Wednesday, April 27, 2016

Baby Leif on the Back of my Bicycle

There are so many memories for which we have no photos. While I was riding my bike yesterday, I remembered how, during the 1975-76 school year when Leif was still a baby, I went back to school to try (again) to get my master's degree, this time in Family and Children Development. I hadn't finished my first try, back at the University of Kansas, because when Peter graduated from Law School and went into the army, I went with him, and we were sent to Germany for four years. By the time I came back to the USA, I would have had to retake or validate all my credits, and my interests had changed. The army assured us that we weren't going to move, so I decided to go back to school and try again.

It was't easy going to grad school with a six year-old and a baby, but I was determined. We also had a transportation issue. We only had one car, and Peter needed it to get to work at Fort Riley, so he put a yellow plastic child seat on the back of my blue Schwinn bicycle, and away Leif and I went. It was about 8 blocks from our house to the Child Development Center, the lab school for early childhood studies students at KSU. I was lucky to get a space there for Leif. He loved it! His first experience with a preschool learning environment was while I was in class during that school year.

I have no photos of us on the bike, and no photos of the Child Development Center except for a few B&W photos of Leif, Peter Anthony and Peter Walter at their playground one late afternoon in May 1976, which is when this one of Leif by the sandbox was taken. He looks so tiny! He was little, though always big for his age.

I didn't finish that master's degree either. Despite the army's assurance we wouldn't move for another year, we were transferred to the JAG School in Charlottesville, Virginia that summer.

I don't think I'd have the courage to put a baby on the back of a bike and ride through those streets in Manhattan, Kansas now. They are too crowded and there's too much traffic. I guess I would have had to walk him in a stroller.

At that time, it was fun, and Leif loved it. I think it must have been his first experience of going somewhere on wheels with the wind in his hair. He loved that all his life.

Saturday, April 9, 2016

How Could It Be Eight Years?

How could it possibly be eight years since Leif died? Today it is that long since he died. Tomorrow it will be eight years since we found him. It seems like just yesterday he was sitting at our kitchen table talking, having dinner with us on Easter Sunday. It seems like just yesterday he was texting me about saving a turtle that was crossing the road, one about as big as a dinner plate. It seems like just yesterday I was listening for his booming car stereo as he drove up to our house in his silver Mazda RX8.

Still, when I see a silver RX8 my heart skips a beat, like it wonders whether he is there. Still, when I see someone on a motorcycle, riding fast, I think of him, and feel protective of the rider.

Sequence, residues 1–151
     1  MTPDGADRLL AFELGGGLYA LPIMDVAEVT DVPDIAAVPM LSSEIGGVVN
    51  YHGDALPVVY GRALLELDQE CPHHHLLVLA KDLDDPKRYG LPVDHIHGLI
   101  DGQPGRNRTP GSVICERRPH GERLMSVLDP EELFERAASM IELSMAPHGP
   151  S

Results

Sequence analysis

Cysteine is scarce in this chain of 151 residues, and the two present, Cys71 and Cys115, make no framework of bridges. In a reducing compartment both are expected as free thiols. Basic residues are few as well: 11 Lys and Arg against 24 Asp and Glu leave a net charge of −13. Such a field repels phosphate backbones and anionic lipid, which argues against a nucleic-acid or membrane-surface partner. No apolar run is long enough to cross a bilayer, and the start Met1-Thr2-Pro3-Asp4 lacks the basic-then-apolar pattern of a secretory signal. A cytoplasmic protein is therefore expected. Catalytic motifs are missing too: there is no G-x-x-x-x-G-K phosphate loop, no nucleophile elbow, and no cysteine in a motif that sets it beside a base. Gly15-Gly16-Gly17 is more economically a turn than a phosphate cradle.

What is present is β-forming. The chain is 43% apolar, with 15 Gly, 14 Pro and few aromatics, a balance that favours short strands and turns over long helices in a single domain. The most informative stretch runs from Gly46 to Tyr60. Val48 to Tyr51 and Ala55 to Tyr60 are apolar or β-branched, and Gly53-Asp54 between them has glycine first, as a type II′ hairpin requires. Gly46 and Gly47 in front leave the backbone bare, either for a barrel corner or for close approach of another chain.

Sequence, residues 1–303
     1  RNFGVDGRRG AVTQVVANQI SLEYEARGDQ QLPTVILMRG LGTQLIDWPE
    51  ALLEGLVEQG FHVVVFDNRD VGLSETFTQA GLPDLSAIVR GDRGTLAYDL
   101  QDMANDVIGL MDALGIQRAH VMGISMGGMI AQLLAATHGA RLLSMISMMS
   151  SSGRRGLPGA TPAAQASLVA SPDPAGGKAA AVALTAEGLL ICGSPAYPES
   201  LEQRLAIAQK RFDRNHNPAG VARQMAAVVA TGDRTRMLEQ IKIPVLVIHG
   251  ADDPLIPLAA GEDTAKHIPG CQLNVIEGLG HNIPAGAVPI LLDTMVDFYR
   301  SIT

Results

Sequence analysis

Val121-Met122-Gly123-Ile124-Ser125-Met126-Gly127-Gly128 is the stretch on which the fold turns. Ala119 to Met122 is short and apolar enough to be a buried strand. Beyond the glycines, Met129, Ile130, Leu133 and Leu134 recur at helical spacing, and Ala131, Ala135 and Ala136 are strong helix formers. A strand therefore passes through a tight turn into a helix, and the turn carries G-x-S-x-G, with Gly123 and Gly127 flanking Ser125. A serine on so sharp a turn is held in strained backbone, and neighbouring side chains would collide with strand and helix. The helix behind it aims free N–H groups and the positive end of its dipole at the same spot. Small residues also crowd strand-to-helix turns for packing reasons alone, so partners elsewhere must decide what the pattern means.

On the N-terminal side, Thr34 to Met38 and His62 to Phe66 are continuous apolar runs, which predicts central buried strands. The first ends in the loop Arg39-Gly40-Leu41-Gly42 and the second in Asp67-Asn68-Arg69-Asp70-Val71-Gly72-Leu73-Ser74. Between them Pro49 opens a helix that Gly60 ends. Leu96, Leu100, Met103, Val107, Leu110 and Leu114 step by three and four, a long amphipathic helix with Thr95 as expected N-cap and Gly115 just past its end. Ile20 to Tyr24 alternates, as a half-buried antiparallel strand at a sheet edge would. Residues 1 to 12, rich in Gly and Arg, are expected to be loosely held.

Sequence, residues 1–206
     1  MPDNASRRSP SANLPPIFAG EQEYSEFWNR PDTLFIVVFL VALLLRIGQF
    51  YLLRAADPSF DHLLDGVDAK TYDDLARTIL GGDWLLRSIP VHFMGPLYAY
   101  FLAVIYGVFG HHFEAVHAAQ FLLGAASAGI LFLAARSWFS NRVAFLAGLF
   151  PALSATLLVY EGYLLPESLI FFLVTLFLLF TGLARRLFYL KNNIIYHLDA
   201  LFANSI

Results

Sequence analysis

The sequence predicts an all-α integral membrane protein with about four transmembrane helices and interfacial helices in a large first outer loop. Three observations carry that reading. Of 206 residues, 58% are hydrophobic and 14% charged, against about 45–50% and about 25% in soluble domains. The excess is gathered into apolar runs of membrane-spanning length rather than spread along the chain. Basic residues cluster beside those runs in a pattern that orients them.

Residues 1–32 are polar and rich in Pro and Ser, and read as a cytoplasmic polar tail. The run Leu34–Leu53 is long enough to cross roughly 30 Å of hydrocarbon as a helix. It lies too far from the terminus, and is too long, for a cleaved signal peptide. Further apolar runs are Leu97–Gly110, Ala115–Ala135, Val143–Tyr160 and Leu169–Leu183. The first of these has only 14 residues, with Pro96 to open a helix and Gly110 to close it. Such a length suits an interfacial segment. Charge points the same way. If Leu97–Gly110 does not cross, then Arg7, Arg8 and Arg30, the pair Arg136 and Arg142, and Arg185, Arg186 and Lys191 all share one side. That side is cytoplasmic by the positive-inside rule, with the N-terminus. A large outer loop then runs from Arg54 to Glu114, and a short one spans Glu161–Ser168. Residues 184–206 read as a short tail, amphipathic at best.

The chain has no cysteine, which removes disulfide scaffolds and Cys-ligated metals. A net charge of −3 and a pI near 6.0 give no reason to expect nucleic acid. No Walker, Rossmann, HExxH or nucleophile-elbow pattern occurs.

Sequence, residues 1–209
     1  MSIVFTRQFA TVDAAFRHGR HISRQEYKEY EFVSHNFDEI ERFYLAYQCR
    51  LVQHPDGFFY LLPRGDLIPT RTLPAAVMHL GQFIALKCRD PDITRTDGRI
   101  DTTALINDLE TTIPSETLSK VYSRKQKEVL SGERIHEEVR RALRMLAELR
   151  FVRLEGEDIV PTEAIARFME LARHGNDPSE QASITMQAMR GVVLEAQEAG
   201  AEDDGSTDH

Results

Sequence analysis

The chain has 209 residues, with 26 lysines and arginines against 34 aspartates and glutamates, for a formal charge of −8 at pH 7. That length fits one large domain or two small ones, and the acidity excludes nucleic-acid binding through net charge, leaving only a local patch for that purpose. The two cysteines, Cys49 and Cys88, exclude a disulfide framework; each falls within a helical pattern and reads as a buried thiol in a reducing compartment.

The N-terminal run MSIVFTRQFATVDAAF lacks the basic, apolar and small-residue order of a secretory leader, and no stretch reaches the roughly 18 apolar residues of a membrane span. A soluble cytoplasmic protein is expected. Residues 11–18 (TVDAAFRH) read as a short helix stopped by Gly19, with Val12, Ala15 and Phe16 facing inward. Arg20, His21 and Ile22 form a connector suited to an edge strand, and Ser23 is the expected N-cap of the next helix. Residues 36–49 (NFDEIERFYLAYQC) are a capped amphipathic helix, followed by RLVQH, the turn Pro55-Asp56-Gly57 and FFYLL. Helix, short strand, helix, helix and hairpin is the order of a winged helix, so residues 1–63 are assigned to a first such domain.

I still miss him, every day of my life. I still think of him when I use things he got for us or left behind. I still wonder what to do with some of his things.

I still miss his laugh and his sense of humor. I still miss his hugs. I always will.

Where have eight years gone? It seems like just yesterday.


This photo was taken in February 1981 at Kodomo no Kuni, a park near Camp Zama, Japan, shortly after Leif's sixth birthday, when he was still an eager young boy full of energy, enjoying the outdoor climbing possibilities.

Friday, April 1, 2016

He Could Play The Guitar Solo from "Sweet Child O' Mine"

We were at the pool the other day and another song Leif loved was playing, "Sweet Child O' Mine," by Guns N' Roses. He loved Slash's soaring guitar solo and worked hard to learn to play it. How I wish I had a video of him playing it, and also the "Star Spangled Banner" and other songs.

It struck me that there was something "Bach-like" about the "Sweet Child O' Mine" guitar riffs, and that made me smile, because my mother hates Bach but Leif loved his organ fugues and "stole" my CD of Bach's organ works. (I did eventually get it back.)

I no longer have any of Leif's guitars. I finally parted with them, as I wrote on this blog. His brother has the one in this photo, the one he designed and made himself in high school in Puerto Rico. It was a good instrument and very distinctive.

I hope the people who bought his Floyd Rose and bass guitars enjoy them as much as he did. His first guitar is still with his nephew, I think, though I doubt he will learn to play it.

It's amazing how music affects our memories, how many memories are tied to music. Leif loved music and had a huge collection of CDs. Since his death I have been asking family members who visit to go through them and take whatever interests them, but I still have quite a large number of them no one has chosen.

Leif liked strong stimuli, whether driving fast (or any other speeding vehicle), heavily spiced or very "hot" food, or loud driving music. Much, thought not all, of his music collection fit that description, but among it were surprising departures.

Since Leif has departed from my life, I know far less about the current music world. He kept me at least minimally educated about part of the music scene.

This photo was taken April 1991 in his room at Fort Buchanan, Puerto Rico. It's been posted on the blog before, but I have so few photos of him with his guitars I have to re-use it.